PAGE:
When Major Karen Riggsbee ’88 was promoted to deputy chief of the Raleigh Police Department this summer, she became one of the top three leaders in an agency that employs more than 800 officers and 100 civilian staff. She joined fellow Deputy Chief Robert Council ’92 and Chief Cassandra Deck-Brown ’87. All three are graduates of the criminal justice program at East Carolina University.
“Knowing we have that common bond is really cool,” Riggsbee said. “I think it’s good for ECU – we were not picked because we went to ECU, but the fact that we all went there is a plus.”
“It’s absolutely cool,” Council added. “We’ve known about our connection to ECU, but to end up in leadership positions in the department is special. It shows the university gave us a good, positive foundation and that we’ve taken the education there and put it to work.”
Interestingly, Riggsbee, Council and Deck-Brown didn’t know each other while attending ECU, but their paths crossed throughout their careers with the police department. And each took different paths to their current positions.
Council was confident in pursuing a criminal justice degree. He wanted to do something that involved helping others and didn’t require being inside all day. An internship steered him to the Raleigh Police Department, where he has worked since attending the police academy in 1993. He became deputy chief in 2017.
Riggsbee and Deck-Brown were less sure at the start their criminal justice journeys.
“I was like a lot of students in that I didn’t know what I wanted to do. I took a class in criminal justice and fell in love with it. One class led to another and it was truly the path I was meant to go down,” Riggsbee said. “The instructors and professors were not just academics but had been in the field and were really able to give us a sense of what it was like to work in criminal justice.”
After graduating, Riggsbee got her master’s degree at the University of South Carolina followed by a park ranger position with the Raleigh Police Department. She worked her way through the department and now oversees field and special operations as well as the detective division.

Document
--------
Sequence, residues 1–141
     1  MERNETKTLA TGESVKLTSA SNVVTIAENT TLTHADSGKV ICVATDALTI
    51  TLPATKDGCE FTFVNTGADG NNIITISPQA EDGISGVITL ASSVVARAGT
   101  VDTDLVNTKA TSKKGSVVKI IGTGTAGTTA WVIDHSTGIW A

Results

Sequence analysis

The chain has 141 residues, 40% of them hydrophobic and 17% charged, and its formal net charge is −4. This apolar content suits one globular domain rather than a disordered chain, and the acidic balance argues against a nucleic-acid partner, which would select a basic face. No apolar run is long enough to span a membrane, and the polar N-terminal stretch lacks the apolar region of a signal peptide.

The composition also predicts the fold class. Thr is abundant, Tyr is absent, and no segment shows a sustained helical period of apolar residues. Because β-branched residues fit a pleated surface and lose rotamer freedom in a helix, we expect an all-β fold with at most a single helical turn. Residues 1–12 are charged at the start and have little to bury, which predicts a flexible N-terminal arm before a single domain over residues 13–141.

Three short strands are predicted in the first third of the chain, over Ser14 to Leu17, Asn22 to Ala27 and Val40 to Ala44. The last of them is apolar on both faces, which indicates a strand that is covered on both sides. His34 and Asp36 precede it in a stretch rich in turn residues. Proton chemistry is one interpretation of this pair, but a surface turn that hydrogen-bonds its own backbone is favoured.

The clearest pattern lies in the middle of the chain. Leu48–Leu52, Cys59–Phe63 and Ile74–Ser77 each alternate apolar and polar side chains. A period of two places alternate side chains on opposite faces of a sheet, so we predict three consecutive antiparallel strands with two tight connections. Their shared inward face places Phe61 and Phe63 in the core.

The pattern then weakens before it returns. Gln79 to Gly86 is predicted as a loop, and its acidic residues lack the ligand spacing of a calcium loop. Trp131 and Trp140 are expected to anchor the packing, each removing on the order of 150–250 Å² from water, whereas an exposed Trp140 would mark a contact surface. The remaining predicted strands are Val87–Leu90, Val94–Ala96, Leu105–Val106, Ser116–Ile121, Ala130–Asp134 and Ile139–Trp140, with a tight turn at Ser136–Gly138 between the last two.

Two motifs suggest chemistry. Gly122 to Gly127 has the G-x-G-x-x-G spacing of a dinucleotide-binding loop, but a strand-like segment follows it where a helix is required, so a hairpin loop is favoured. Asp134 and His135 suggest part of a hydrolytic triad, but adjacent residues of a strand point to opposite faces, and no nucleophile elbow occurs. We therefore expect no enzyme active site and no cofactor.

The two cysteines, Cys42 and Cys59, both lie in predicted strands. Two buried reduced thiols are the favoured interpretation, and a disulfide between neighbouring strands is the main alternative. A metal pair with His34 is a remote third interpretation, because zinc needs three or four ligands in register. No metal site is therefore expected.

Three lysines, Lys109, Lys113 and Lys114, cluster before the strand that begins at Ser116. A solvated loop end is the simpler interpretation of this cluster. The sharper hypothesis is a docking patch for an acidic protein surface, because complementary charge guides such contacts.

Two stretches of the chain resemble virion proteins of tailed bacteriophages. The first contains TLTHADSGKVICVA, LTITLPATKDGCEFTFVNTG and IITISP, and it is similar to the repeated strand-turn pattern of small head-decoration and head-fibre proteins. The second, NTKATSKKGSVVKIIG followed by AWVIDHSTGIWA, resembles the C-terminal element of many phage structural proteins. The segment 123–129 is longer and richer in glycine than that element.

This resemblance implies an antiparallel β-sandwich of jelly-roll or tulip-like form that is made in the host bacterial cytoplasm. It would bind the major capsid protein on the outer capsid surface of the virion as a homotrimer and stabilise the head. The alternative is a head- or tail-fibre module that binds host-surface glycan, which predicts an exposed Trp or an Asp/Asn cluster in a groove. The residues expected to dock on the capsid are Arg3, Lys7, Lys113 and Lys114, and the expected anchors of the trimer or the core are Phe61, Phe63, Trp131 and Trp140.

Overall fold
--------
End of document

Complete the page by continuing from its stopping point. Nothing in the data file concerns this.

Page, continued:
Deck-Brown came to ECU planning on becoming a nurse. That turned out to be a bad fit, so she pivoted to criminal justice, where “there was no doubt I had chosen the right major,” she said.
Deck-Brown was offered a position with the Raleigh Police Department shortly after graduating and has worked there for 31 years as a patrol officer, a crime prevention-community relations officer and a detective, among other duties. In 2013, she became the first African-American woman to head the department and the first chief chosen from within the department since 1994.
“It was probably one of the most humbling, surreal, greatest life-impacting experiences a person could have,” she said. “You don’t take it lightly. I accepted that charge with honor. There have been a number of times I’ve pinched myself.”
She is also on the advisory board for ECU’s criminal justice program and comes back to campus often.
Professor William Bloss, chair of the criminal justice department, said having three alumni at the top of the Raleigh police department is beyond impressive.
“I can’t take credit for it, but my predecessors did an excellent job of providing a high-quality undergraduate education that prepared them for graduate success,” said Bloss, who didn’t teach Riggsbee or Council but works with Deck-Brown on the advisory board.
Deck-Brown echoed the sentiment.
“I know what was invested in me, and being able to come back and give back in a way that hopefully helps the program is rewarding. When I look at Karen and Rob and myself, we each came to ECU by way of a different journey. How we chose ECU was different, but we were all enriched by ECU.”